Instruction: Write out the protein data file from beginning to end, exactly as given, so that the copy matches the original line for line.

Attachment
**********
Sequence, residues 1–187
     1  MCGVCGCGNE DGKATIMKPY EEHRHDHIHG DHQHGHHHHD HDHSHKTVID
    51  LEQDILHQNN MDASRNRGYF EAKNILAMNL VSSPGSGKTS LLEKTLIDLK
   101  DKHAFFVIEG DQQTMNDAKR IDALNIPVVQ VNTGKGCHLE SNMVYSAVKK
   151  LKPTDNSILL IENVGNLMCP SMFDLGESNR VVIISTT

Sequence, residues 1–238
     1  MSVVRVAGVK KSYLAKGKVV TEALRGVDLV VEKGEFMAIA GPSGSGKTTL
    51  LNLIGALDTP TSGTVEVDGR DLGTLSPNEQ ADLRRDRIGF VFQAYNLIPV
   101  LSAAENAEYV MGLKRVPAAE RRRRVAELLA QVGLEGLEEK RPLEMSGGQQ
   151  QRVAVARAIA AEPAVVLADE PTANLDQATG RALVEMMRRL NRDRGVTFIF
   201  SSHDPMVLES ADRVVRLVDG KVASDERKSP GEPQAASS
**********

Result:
Sequence, residues 1–187
     1  MCGVCGCGNE DGKATIMKPY EEHRHDHIHG DHQHGHHHHD HDHSHKTVID
    51  LEQDILHQNN MDASRNRGYF EAKNILAMNL VSSPGSGKTS LLEKTLIDLK
   101  DKHAFFVIEG DQQTMNDAKR IDALNIPVVQ VNTGKGCHLE SNMVYSAVKK
   151  LKPTDNSILL IENVGNLMCP SMFDLGESNR VVIISTT

Sequence, residues 1–238
     1  MSVVRVAGVK KSYLAKGKVV TEALRGVDLV VEKGEFMAIA GPSGSGKTTL
    51  LNLIGALDTP TSGTVEVDGR DLGTLSPNEQ ADLRRDRIGF VFQAYNLIPV
   101  LSAAENAEYV MGLKRVPAAE RRRRVAELLA QVGLEGLEEK RPLEMSGGQQ
   151  QRVAVARAIA AEPAVVLADE PTANLDQATG RALVEMMRRL NRDRGVTFIF
   201  SSHDPMVLES ADRVVRLVDG KVASDERKSP GEPQAASS